AMC Networks saw its third-quarter income slip as the Coronavirus pandemic continued to disrupt its business, but the company sees two bright spots: zombies and subscriptions.
The New York firm reported operating income of $139 million, down 17.2% from the third quarter of 2019, on net revenue of $654 million, a 9% drop from the year-ago quarter. Its adjusted earnings per share of $1.32 barely missed analyst consensus estimates by $.02.
Much of that decline came from a continued slump in advertising revenue, which crumbled by 15.5% — more than the 14.6% decrease in AMC’s second quarter — to $164 million.
On AMC’s earnings call, executives pointed to the continued appeal of its Walking Dead zombie franchise and its ability to draw viewers both on its traditional providers and its ad-free subscription video services.
“Our successful execution in these areas is powering our ability to begin to fundamentally reconstitute the revenue mix of our company, most notably with increasing revenue from our subscription streaming services becoming our fastest areas of growth,” AMC CEO Josh Sapan said on the call.
He said its standalone offerings — Acorn TV, Shudder, Sundance Now, UMC (Urban Movie Channel), and the newer AMC+ service — would hit 5 to 5.5 million subscribers combined by the end of the year, helping to insulate the company from cord-cutting losses at cable and satellite TV providers.
“In 2020, our streaming business will generate approximately $200 million in revenue,” Sapan added. “That represents year-over-year growth of roughly 100%.”
AMC+, an $8.99 ad-free offering, debuted on Comcast’s Xfinity TV and Xfinity Flex platforms, expanded to Dish Network and its Sling TV service, and in October arrived on Apple TV and Amazon Fire TV devices.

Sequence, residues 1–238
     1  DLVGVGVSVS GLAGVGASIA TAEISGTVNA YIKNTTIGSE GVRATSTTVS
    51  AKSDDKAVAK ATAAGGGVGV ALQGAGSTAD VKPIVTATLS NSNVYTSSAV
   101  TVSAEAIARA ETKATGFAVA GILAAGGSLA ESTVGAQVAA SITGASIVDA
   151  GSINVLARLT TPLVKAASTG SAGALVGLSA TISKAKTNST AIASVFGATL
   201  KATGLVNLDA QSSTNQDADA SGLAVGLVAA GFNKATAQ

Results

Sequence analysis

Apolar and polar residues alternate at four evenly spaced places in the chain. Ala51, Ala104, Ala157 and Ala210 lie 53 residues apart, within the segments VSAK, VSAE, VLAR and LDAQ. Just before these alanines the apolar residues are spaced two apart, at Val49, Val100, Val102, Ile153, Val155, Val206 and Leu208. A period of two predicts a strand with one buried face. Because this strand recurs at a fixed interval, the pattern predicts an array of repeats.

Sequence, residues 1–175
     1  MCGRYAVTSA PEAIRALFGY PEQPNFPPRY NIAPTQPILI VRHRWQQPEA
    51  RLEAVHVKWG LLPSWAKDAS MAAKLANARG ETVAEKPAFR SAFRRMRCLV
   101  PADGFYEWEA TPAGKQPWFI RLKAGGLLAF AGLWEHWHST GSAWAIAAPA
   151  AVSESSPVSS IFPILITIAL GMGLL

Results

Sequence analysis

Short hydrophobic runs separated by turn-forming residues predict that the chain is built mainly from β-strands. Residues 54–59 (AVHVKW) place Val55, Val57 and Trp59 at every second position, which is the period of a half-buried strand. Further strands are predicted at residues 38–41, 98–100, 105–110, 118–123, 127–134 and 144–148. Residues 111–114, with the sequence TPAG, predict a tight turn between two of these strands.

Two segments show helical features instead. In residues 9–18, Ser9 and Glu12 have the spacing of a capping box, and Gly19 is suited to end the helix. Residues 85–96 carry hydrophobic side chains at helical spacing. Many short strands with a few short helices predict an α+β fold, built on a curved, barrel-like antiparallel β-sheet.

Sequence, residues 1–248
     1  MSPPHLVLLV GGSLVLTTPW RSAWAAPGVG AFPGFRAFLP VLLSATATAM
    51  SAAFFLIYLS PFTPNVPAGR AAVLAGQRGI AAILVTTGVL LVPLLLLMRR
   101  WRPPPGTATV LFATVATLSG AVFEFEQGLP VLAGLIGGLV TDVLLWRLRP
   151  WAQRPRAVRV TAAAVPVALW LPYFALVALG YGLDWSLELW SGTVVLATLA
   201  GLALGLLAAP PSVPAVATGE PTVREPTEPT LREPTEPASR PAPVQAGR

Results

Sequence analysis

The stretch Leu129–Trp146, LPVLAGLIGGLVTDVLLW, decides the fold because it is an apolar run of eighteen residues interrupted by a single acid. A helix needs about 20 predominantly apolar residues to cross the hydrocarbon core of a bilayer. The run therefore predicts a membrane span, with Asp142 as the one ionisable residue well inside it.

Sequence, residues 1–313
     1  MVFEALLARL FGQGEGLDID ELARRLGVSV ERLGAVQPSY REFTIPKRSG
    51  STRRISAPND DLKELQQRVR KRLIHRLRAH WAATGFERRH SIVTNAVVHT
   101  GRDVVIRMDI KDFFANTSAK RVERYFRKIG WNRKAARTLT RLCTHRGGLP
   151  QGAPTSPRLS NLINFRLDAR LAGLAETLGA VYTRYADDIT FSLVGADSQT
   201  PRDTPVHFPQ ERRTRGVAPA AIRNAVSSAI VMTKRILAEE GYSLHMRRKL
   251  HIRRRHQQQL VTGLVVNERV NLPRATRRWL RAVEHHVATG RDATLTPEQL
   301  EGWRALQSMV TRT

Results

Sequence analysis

AMC’s flagship channel continues to see wide distribution on both traditional and over-the-top video services; for example, it’s part of the $10 Vibe option on T-Mobile’s new TVision service.
AMC was also able to resume producing original content after lengthy shutdowns required to slow the pandemic. That relaunched activity includes episodes for two Walking Dead series. AMC has also greenlit two additional Walking Dead series to flesh out that zombie-apocalypse universe further.
Chief Operating Officer Ed Carroll estimated that by the time production wraps on every series in the franchise, “we'll have well over 225 hours” of Walking Dead content.
The advertising business, however, looks to be a continued soft-spot for the company, which is known for its advertising-business drama Mad Men. Interim CFO Donna Coleman said some of this drop in income resulted from delays in airing such AMC originals as the current season of Fear the Walking Dead.
But, she warned, the slump seems likely to continue: “We expect the year-over-year decrease in fourth quarter advertising revenue to be relatively consistent with the percentage we reported year-over-year in the third quarter.”